Skeptical Science — lists 197 misconceptions and lies next to the science & research.
Climate Change: How Do We Know? — NASA explores the evidence, causes and effects of climate change.
The 12 Questions Every Climate Activist Hears and What to Say — elevator responses, which should be delivered politely, with understanding of the investment in denial
Climate Change Denial Syndrome Withdraw is the longitudinal experience of an individual or group evaluating their current belief systems, then comparing these beliefs to the existing fund of knowledge about Atmospheric Carbon Based Climate Change. As the individual or group gains new information, their confidence increases as they gain the ability and confidence to respectfully discuss their new perspective with others by asking questions and sharing their evolving experience. Earthlobbyists refrain from arguing or labeling people and groups who suffer from Climate Change Denial Syndrome as we know this causes division and isolation, choosing instead to confidently state our positions and encourage others to do their research, then have another conversation. It s important to show respectful conversational interest in Climate Change Deniers so we can learn how they maintain their belief systems.
“Climate Change Denial Syndrome” Copyright 12.12.18 by David Carr
The following resources provide insight and understanding about why people have Climate Change Denial Syndrome.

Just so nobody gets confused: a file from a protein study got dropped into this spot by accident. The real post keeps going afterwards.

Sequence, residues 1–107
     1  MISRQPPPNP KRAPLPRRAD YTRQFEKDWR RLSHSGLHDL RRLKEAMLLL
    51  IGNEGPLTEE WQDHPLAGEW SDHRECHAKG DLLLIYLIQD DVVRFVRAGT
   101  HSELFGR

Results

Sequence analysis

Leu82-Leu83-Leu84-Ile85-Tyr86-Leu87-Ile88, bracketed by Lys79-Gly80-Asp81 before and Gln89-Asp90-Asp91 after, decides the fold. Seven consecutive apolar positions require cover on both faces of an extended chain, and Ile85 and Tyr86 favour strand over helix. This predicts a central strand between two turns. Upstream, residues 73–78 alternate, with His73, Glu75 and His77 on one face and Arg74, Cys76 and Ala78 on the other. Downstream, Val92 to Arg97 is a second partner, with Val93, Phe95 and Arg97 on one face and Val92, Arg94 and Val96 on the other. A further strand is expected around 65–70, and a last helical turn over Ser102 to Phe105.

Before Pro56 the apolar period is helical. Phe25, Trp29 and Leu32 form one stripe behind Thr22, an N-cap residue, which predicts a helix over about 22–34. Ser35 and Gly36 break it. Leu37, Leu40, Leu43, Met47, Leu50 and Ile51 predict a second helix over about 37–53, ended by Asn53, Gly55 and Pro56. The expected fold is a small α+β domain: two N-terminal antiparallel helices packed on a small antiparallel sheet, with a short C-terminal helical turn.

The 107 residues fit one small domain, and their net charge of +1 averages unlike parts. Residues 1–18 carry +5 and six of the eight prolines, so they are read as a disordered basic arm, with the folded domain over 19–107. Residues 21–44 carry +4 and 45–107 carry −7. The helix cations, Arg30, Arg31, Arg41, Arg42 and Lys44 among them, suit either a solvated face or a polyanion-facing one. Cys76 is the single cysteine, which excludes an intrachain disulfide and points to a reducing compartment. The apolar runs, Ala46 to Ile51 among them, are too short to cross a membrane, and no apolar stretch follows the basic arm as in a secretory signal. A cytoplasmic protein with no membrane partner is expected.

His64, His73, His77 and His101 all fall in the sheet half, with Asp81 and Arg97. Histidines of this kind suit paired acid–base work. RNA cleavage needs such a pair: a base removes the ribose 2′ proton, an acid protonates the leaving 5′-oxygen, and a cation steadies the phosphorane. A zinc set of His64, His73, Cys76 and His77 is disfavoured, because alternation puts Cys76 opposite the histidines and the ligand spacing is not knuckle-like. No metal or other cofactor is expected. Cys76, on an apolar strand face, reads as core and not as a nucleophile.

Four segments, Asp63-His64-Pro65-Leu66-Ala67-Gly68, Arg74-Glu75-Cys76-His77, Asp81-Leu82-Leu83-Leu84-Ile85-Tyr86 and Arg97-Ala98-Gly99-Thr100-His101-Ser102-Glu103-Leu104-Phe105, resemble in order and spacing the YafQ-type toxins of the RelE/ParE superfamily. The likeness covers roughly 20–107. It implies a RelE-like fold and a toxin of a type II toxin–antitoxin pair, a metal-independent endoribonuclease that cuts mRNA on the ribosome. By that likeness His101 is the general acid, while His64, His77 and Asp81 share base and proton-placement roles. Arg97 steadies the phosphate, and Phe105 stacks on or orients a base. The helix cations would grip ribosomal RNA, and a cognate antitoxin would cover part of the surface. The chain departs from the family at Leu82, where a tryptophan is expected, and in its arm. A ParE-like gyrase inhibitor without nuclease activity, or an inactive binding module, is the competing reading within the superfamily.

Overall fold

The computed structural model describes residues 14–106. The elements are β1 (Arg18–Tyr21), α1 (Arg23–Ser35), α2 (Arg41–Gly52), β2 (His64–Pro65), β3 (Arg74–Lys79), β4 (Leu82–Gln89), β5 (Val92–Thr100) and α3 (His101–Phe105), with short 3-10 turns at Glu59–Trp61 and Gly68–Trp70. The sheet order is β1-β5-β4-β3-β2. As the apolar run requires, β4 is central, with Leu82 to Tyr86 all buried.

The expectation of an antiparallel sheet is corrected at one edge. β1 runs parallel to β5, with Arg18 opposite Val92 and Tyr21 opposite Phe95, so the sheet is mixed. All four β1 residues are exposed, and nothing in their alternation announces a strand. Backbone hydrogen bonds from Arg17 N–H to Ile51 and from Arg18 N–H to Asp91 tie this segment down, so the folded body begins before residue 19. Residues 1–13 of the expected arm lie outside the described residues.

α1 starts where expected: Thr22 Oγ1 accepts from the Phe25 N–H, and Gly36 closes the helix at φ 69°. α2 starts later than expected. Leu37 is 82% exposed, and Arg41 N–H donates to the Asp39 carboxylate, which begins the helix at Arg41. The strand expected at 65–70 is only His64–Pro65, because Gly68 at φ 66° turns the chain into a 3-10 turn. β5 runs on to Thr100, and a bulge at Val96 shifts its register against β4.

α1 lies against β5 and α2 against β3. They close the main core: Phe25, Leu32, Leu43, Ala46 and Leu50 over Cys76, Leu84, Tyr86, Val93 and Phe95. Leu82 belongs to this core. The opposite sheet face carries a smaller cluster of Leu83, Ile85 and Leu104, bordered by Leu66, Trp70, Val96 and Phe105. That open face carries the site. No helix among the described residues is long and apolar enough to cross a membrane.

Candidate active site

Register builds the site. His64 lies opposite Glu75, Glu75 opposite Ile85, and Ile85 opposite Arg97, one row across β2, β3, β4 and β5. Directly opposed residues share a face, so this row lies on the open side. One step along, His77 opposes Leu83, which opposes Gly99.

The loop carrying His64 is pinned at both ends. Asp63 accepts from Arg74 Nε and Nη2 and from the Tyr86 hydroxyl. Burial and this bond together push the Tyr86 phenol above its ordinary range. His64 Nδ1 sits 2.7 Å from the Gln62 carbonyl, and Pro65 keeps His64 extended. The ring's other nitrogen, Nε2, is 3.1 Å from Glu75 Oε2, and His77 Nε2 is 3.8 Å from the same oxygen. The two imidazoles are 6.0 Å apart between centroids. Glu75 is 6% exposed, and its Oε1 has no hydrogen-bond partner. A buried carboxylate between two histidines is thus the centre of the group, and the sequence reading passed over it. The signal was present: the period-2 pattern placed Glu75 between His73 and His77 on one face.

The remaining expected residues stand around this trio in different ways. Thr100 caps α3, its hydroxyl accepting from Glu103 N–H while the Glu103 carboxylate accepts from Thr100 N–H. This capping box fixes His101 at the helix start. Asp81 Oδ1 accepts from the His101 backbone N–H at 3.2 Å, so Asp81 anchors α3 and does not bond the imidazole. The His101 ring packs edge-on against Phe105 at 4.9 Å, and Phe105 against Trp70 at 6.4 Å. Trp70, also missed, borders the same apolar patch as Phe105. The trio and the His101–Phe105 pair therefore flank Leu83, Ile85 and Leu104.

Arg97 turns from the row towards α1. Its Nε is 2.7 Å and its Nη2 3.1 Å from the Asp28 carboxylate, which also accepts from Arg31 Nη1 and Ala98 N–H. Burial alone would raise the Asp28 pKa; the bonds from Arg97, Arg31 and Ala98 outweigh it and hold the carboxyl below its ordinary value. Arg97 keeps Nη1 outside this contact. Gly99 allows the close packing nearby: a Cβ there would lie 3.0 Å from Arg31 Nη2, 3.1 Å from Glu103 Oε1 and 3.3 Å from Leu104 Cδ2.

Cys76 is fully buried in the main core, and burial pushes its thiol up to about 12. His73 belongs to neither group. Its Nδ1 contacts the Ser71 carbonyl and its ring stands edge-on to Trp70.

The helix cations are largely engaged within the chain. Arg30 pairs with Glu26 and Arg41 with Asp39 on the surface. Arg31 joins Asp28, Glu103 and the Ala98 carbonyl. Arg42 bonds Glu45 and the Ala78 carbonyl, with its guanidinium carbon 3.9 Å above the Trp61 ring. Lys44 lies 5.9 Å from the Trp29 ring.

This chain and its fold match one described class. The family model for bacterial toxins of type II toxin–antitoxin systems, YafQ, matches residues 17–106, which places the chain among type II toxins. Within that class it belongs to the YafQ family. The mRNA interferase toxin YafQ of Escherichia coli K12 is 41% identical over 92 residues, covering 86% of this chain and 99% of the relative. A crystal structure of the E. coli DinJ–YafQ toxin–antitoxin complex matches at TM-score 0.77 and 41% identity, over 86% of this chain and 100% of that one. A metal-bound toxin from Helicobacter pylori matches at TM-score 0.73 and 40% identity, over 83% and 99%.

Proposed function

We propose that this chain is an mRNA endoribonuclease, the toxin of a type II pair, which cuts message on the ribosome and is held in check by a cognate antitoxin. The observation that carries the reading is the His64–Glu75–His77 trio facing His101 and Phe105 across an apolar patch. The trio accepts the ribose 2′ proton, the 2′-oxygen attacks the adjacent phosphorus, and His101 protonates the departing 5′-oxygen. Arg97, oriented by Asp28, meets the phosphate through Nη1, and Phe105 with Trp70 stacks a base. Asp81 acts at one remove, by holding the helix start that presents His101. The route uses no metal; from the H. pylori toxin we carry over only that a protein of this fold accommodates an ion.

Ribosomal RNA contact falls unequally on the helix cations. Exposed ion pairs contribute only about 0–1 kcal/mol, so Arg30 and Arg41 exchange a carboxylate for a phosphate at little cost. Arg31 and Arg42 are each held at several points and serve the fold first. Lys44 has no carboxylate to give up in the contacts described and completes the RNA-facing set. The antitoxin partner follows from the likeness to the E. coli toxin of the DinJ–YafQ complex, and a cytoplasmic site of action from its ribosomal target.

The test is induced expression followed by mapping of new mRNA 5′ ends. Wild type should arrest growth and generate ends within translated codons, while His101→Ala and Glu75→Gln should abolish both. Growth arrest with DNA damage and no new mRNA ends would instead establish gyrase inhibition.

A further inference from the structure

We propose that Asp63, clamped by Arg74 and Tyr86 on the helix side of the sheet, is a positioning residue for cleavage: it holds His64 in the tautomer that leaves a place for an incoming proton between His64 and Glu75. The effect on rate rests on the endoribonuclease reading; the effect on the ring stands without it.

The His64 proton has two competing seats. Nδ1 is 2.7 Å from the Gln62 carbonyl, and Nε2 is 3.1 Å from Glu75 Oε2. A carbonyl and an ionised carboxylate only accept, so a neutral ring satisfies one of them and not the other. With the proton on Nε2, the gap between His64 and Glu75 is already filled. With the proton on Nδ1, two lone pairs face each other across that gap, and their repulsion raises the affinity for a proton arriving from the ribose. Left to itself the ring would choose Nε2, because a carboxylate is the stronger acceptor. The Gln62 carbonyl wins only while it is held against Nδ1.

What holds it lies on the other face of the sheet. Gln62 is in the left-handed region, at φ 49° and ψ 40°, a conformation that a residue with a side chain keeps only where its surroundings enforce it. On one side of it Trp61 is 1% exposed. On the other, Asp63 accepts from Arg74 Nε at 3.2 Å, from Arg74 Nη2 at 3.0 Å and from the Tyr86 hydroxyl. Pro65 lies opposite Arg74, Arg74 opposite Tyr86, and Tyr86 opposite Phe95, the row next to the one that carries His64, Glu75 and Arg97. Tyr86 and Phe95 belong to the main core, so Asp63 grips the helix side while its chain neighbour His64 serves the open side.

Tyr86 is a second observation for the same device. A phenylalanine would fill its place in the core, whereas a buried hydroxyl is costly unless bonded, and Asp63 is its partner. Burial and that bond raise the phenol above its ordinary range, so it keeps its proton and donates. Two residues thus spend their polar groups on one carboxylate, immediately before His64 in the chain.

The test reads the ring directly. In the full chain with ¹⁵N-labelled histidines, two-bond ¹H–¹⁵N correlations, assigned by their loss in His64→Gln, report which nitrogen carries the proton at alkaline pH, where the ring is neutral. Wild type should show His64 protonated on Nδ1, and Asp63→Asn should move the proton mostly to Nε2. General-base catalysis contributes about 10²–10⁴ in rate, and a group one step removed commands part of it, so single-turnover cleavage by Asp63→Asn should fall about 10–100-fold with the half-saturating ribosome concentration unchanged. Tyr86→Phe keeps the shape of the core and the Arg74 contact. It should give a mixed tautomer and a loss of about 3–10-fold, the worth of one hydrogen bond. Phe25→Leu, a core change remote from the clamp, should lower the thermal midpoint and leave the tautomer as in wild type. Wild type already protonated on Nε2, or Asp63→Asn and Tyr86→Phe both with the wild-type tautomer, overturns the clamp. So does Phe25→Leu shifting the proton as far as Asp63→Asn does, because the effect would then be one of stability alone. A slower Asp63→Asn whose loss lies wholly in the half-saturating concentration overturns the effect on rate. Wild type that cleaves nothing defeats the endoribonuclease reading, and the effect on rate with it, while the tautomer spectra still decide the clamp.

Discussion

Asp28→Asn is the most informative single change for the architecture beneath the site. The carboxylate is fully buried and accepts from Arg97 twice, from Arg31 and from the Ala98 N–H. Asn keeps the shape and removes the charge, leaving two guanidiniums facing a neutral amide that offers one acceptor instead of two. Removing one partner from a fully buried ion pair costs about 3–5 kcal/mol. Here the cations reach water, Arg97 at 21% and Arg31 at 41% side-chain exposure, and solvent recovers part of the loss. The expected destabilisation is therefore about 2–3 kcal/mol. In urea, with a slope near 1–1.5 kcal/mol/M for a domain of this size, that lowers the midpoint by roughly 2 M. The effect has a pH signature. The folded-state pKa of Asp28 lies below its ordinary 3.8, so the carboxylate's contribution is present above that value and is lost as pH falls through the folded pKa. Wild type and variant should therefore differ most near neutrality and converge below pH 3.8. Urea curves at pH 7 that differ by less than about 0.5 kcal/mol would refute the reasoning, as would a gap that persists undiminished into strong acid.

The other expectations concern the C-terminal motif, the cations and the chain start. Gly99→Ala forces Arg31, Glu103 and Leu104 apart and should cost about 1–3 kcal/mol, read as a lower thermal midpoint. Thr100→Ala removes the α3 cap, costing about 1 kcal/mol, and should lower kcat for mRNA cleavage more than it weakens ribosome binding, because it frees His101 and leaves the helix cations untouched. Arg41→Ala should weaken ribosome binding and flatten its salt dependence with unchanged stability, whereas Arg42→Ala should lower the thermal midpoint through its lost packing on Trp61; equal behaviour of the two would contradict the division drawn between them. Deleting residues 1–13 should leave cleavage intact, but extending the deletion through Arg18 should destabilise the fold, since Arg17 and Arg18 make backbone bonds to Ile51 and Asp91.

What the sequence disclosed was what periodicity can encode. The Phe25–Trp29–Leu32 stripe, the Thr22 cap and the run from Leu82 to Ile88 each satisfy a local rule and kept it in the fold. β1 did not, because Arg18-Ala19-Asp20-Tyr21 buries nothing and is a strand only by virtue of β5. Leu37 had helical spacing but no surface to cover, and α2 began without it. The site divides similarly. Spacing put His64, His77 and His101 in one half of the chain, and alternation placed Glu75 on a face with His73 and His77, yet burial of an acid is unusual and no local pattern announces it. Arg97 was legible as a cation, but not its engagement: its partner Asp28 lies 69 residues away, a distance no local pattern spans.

The Ideology of Climate Change Denial in the United States (2014) The concerted effort to discredit the scientific consensus over man-made global warming has been continuing for two decades in the United States, and shows no sign of weakening. It is very often described as an attempt on the part of corporate America, most notably the fossil fuel industries, to hinder governmental regulations on their activities.
87% of surveyed Australians accept that climate change is real and happening and driven in some way by human behavior.
The Seven Dragons of Inaction (2010) 1) Limited cognitions , 2) Other people, 3) Perceived risks, 4) Discredence, 5) Ideologies, 6) Sunk costs, 7) Limited behaviour
The APA Task Force on the Interface Between Psychology and Global Climate Change (2008) Among the topics addressed in this report are: Perceptions of global warming, actual climate change risks, ethical-social justice implications of climate change and psychological barriers that limit individual and collective action on climate change.
Mental Health and Our Changing Climate: Impacts Implications and Guidance (2017) ” Introduction: The health, economic, political, and environmental implications of climate change affect all of us. The tolls on our mental health are far reaching. They induce stress, depression, and anxiety; strain social and community relationships; and have been linked to increases in aggression, violence, and crime. Children and communities with few resources to deal with the impacts of climate change are those most impacted.” This is an updated and expanded version of the the American Psychological Association and ecoAmerica report , Beyond Storms & Droughts: The Psychological Impacts of Climate Change (2014) , which explored how climate change can impact mental health and provided guidance to engage the public.